Munari is a giant of 20th-century Italian design, a figure of incredible depth who helped define the role of the designer as we know it today. Design as Art, originally published in 1966, is probably not his most important book, but it represents an interesting journey through his thoughts. It is useful for young people aspiring to a design career as well as for experienced designers who want to improve the communication of their projects.
Bruno Munari, polyhedric researcher and communicator.
I am ashamed to write these few lines about Munari. Not only because reading his story makes me realise how unattainable the quality and scope of his imprint is. But also because Munari did so much and so well that it is impossible to reduce him to a biography.
I will limit myself to saying that Bruno Munari is one of the most important designers of the last century, a figure who defined the role of the designer, both with his professional experiences and with his thoughts.
Born in Milan in 1907, where he worked as a graphic designer from a young age, he opened his first studio in 1929 with Riccardo Castagnedi, another important figure in Italian design. He adheres to Futurism, from which he breaks away to develop a path characterised by curiosity and a desire to overcome conceptual and technical limits.
During his long professional career, he designed graphics for some of the most important Italian publishing houses, such as Einaudi and Mondadori, and created industrial designs for Danese and other well-known Italian brands. His biography crosses paths with some of the greatest Italian artists and scholars, such as Gillo Dorfles, Umberto Eco and Enzo Mari, to name but a few.
What has always impressed me about his work and aptitude for research, coupled with a poetic and pragmatic ability in making the complex simple. This is evident in his design projects as well as in his artistic production and writings. Munari is an incomparable communicator who has left us dozens of books aimed at both professionals and children, books imbued with his experience and the desire to reach an audience, which he always does with great agility.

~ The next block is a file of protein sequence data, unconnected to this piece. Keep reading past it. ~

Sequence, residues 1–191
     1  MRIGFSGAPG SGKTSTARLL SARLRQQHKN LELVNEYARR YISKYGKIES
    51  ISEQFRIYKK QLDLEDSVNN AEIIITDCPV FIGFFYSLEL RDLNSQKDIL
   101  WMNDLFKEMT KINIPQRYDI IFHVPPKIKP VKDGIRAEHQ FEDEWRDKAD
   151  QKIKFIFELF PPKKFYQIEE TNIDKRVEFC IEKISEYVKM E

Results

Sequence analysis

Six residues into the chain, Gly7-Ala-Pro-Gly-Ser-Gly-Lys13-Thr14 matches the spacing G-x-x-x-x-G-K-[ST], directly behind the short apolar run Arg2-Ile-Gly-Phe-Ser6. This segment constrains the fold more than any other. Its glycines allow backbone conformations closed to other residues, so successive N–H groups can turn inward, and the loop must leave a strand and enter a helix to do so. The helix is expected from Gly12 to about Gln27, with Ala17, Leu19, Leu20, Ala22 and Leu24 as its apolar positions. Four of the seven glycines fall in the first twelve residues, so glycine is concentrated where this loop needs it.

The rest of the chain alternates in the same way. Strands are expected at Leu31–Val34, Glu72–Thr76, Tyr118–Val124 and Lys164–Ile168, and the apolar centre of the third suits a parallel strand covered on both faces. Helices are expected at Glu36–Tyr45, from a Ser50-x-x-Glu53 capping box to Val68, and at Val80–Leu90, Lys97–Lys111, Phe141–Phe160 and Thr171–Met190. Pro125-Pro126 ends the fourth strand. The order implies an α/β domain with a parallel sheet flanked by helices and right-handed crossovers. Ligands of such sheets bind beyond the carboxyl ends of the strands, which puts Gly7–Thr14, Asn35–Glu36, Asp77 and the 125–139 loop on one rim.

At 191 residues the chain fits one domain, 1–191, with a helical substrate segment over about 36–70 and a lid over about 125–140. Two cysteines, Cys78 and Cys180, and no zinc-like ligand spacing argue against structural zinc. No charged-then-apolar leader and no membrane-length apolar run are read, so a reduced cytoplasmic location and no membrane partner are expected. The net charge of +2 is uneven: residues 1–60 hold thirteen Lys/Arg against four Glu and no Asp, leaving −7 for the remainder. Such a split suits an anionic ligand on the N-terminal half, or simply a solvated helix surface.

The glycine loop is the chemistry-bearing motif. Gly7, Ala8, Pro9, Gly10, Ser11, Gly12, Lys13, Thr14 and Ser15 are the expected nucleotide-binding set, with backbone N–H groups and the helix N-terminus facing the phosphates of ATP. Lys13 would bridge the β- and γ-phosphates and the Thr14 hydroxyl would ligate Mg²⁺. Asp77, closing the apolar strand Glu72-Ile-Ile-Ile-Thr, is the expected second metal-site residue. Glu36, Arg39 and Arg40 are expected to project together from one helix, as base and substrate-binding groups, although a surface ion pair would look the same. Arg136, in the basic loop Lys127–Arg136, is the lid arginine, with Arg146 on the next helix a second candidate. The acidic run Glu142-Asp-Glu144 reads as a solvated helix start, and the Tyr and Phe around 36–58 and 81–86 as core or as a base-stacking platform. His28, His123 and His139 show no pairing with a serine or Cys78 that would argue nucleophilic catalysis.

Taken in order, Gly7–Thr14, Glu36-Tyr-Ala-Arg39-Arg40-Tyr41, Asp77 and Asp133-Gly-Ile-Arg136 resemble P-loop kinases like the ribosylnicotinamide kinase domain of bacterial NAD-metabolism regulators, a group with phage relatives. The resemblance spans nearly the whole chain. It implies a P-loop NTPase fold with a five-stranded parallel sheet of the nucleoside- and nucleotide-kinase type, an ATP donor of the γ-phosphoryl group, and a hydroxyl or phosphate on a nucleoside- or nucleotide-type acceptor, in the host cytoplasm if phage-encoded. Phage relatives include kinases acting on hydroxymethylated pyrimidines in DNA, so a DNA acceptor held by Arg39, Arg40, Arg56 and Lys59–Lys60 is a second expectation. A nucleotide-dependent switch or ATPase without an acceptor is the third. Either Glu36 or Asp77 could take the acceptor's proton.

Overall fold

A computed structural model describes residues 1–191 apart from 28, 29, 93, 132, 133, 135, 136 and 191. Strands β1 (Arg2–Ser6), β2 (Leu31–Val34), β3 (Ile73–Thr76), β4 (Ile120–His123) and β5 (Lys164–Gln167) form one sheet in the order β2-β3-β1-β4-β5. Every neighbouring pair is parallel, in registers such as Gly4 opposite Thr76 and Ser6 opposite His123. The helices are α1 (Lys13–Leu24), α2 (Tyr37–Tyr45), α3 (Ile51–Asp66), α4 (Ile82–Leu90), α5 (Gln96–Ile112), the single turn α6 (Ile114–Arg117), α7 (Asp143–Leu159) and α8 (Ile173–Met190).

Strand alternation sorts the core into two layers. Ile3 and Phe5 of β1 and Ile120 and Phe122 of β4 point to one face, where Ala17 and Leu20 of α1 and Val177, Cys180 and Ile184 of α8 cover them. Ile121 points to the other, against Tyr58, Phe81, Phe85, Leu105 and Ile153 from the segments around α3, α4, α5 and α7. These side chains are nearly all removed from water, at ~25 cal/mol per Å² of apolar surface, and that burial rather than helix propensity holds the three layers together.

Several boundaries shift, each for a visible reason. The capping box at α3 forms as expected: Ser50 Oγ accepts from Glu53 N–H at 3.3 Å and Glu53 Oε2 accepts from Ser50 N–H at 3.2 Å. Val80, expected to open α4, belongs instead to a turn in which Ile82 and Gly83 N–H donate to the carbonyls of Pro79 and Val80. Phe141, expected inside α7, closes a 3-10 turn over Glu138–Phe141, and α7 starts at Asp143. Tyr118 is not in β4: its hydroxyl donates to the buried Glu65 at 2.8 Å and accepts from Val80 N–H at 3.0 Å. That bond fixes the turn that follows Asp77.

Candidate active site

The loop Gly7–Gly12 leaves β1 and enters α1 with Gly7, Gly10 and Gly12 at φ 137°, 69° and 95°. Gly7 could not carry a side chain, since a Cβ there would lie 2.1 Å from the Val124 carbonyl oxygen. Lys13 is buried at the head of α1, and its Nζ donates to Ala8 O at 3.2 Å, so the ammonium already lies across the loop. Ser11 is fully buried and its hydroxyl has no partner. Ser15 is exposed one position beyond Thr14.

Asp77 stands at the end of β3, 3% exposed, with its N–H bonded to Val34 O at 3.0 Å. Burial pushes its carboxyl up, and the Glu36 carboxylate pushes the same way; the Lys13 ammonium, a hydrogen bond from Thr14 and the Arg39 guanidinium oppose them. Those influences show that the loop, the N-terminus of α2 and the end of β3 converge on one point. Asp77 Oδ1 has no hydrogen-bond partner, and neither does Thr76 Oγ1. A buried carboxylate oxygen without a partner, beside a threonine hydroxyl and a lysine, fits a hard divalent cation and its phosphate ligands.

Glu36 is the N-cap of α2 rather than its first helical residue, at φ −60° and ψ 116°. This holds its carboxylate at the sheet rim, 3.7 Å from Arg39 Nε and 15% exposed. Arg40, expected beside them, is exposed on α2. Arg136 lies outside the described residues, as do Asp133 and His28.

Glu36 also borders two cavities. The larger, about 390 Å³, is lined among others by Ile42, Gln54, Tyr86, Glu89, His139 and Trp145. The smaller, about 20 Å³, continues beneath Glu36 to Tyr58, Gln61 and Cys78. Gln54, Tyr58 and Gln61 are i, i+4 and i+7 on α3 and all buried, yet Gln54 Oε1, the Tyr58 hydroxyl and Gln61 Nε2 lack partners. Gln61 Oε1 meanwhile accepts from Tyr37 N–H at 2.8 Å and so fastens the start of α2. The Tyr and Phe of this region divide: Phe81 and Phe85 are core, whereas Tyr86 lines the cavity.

Design as Art di Bruno Munari
Originally published in Italian by Laterza in 1966 and in English by Penguin Books in 1971, this is a 223-page book illustrated with photographs and drawings by the author. The book collects Munari’s thoughts in five main chapters: Designers and Stylists, Visual Design, Graphic Design, Industrial Design and Research Design.
As it is a collection of texts written at different times and occasions, no uniformity is to be expected, neither in the length nor in the depth of the chapters. The author ranges from observations on form, functions and materials to deeper reflections on language and the different perception of signs, accompanying the text with particularly effective examples.
In the first part of the book, Munari dedicates several pages to the concept that gives the English edition its title “Design as Art” defining the role of the designer as an artist who addresses the needs of society. I would like to quote a passage that, although over 50 years have passed since the book was published, I still find relevant.
The designer is therefore the artist of today, not because he is a genius, but because he works in such a way as to reestablish contact between art and the public because he has the humility and ability to respond to whatever demand is made of him by the society in which he lives because he knows his job and the ways and means of solving each problem of design. And finally, because he responds to the human needs of his time and helps people to solve certain problems without stylistic preconceptions or false notions of artistic dignity derived from the schism of the arts.
Between the pages of the book, Munari illustrates some of his most interesting projects, such as the Useless Machines, the Falkland Lamp and the Tetrocone, but also some of his research activities.
The chapter on Research Design is one of the most interesting parts of the book. Munari demonstrates and conveys a great interest in nature and the oriental tradition by talking about concepts such as growth, and natural structures, but also continuous topology before others.
Why Design as Art is important, for whom I recommended it
As mentioned above, Munari has written many books aimed at both experts in the sector and children, and certainly Design as Art does not reach the level of masterpieces such as Fantasia and Da Cosa Nasce Cosa, texts not yet available in English. Nevertheless, the book is a journey into Munari’s poetics, useful for young students approaching the world of architecture and design.
Similarly, Design as Art is useful for designers and architects interested in communicating their projects effectively, as Munari does in this book, narrating the development of some of his most interesting projects.